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June 09, 2020

Former refugee steps up to feed his community in Texas during pandemic


Listening to Wandaka Musongera recall his family’s village in the Democratic Republic of the Congo (DRC) gives you a small glimpse into the importance that growing food and community has for him. 

“I remember just how it feels, how the weather was, how it smelled and even how it sounded,” Wandaka shares. “There was a big river, and that river had stones and every time you hear water hitting the stones it makes a sound, like music. And I remember we used to grow mangoes and oranges. And I remember my cousins, my grandparents and my uncles.”

We are talking to Wandaka from New Leaf Agriculture’s farm in Elgin, Texas where he is now the Assistant Farm Manager. New Leaf Agriculture is a nonprofit social enterprise of the Multicultural Refugee Coalition (MRC) of Austin and trains refugee farm apprentices for paid agricultural work.

Wandaka’s passion for farming developed at a very young age. Although both his parents were teachers, Wandaka recalls a childhood centered around growing food. “My family lived in the countryside where everybody farms,” he shares. “When I was very young my mom would take me with her farming and I would just repeat what she did. And at the age of five or six, she gave me a small plot where I grew green onions and sweet potatoes.”

But set against this backdrop of a peaceful, happy childhood, a decades long war was closing in on the family’s village. In 2006, along with thousands of their neighbors, Wandaka’s family fled to neighboring Uganda, finding safety in Kampala, the country’s capital. He was just 10 years old at the time.

The family struggled in Uganda. Wandaka missed two years of school and at times, to help the family make ends meet, he was collecting and selling recycled bottles from the streets. But after seven years, the family found out they were resettling to America.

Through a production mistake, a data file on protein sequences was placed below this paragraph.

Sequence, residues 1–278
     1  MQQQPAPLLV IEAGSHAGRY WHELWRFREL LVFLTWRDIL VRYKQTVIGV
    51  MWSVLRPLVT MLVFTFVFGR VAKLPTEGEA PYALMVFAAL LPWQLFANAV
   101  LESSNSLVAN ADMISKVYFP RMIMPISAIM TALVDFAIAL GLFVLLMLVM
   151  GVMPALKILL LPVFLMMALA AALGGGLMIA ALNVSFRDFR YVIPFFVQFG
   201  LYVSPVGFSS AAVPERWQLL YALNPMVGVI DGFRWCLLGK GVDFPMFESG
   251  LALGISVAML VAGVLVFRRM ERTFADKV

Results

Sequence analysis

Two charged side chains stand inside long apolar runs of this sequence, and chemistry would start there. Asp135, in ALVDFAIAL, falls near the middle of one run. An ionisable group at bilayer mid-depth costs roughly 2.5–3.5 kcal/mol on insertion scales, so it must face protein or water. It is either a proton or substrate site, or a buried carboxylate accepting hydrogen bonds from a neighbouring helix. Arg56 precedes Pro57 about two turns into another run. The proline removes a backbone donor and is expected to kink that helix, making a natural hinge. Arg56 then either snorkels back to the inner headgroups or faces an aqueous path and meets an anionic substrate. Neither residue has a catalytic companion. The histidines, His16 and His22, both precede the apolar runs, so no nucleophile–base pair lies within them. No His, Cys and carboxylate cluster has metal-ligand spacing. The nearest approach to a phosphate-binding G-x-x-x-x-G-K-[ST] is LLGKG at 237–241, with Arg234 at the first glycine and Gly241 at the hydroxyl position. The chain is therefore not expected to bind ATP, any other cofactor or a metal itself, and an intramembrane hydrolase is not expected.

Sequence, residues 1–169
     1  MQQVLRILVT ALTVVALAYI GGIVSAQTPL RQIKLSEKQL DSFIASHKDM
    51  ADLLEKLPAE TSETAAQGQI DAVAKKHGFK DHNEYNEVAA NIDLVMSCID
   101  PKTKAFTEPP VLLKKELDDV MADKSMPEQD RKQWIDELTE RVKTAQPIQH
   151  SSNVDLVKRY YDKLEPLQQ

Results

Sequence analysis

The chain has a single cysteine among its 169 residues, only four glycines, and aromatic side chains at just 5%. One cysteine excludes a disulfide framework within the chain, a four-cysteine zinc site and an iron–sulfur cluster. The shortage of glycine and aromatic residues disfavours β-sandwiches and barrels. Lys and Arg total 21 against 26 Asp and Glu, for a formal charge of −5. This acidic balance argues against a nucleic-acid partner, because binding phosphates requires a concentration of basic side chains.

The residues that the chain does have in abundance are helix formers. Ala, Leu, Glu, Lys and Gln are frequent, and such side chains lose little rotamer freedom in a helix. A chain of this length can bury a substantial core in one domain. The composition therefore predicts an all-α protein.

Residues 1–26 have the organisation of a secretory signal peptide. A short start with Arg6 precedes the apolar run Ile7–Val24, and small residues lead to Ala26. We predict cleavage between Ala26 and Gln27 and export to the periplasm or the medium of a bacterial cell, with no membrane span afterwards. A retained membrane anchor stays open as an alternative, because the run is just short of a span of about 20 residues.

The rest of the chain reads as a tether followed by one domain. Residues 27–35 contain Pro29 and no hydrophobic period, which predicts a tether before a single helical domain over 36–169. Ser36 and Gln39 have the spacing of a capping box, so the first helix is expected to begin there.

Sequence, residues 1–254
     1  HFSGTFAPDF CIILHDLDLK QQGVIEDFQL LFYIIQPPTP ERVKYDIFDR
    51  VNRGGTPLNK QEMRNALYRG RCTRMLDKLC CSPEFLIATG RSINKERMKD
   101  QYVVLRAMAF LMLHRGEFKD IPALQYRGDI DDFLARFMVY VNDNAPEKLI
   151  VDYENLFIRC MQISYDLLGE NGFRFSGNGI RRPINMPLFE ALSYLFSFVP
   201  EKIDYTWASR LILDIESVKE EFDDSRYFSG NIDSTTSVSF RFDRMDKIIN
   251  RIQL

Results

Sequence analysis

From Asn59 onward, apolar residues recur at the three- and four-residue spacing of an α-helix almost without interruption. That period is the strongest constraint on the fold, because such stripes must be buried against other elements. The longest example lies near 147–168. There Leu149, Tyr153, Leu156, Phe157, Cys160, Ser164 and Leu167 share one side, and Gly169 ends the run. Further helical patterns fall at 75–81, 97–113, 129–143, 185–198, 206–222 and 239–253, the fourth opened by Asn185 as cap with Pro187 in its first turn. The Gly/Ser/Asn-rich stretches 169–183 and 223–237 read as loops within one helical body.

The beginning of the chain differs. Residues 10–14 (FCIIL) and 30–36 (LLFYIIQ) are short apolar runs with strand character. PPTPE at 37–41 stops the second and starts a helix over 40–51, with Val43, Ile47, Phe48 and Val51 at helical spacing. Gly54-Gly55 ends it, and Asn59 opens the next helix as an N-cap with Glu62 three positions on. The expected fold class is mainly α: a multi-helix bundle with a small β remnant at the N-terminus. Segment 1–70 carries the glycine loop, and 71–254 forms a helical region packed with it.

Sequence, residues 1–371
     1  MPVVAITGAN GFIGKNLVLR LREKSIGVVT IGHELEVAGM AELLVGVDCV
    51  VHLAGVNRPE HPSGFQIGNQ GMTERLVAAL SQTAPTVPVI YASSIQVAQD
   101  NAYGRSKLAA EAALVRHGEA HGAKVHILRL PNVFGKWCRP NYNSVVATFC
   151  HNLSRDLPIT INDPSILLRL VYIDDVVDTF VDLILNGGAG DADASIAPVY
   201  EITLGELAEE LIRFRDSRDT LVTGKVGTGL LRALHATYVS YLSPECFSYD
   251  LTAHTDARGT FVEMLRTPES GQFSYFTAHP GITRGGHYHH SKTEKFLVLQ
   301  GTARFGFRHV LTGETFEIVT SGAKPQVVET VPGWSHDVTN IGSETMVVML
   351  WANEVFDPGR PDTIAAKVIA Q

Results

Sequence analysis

When the family arrived to Texas, Wandaka was still a teenager. He was excited and nervous but determined to make the best of his new opportunity. His English improved, he joined the soccer team and rediscovered his childhood passion.

When representatives from MRC visited Wandaka’s high school promoting a new community garden program he jumped right in.

“I hadn’t farmed for seven years, I was excited just to grow stuff,” Wandaka shares with a big smile. “They gave me a plot and I think I was the youngest of everyone who had a garden.” Soon, Wandaka also had his first job, he was managing MRC’s community garden program.

But Wandaka and MRC had aspirations beyond community gardens. When a large plot of land became available to pursue commercial scale farming, Wandaka once again jumped at the opportunity. He was managing the farm and crop planning – but just as importantly for Wandaka, the new opportunity gave him a chance to deepen his ties to the Austin community. He’s a familiar face at the local farmers market.

“I get to grow food and then I get to feed my community,” he says. “You're feeding people every week,” Wandaka continues. “They know they're getting food from you every week. I'm in a way, a part of their family, a part of their lives.”

Since we first met Wandaka, the coronavirus pandemic has impacted communities around the world, with more than five million cases confirmed globally. In late April, the first cases of the virus were confirmed in Kutupalong refugee camp in Bangladesh.

New Leaf Agriculture is an essential food service in Texas during the coronavirus pandemic, and Wandaka is grateful that he can still play a role in providing food for the Austin community that welcomed him.

“Feeding my Austin community during this hard time fills my heart with joy,” says Wandaka. “They [customers] are always delighted to get food from us and this makes me feel that I am doing something good in my community. I'm happy to be in the position of impacting people.”

How can you help people like Wandaka?

USA for UNHCR, the UN Refugee Agency supports the full journey of refugees like Wandaka. Not only do our donors help refugees in their greatest time of need, but their support builds awareness for resettled refugees living in the U.S. Refugees like Wandaka have woven themselves into the fabric of American society and are making lasting contributions to their communities. With your help, more refugees will have the opportunity to build a peaceful life and give their family a bright future. 


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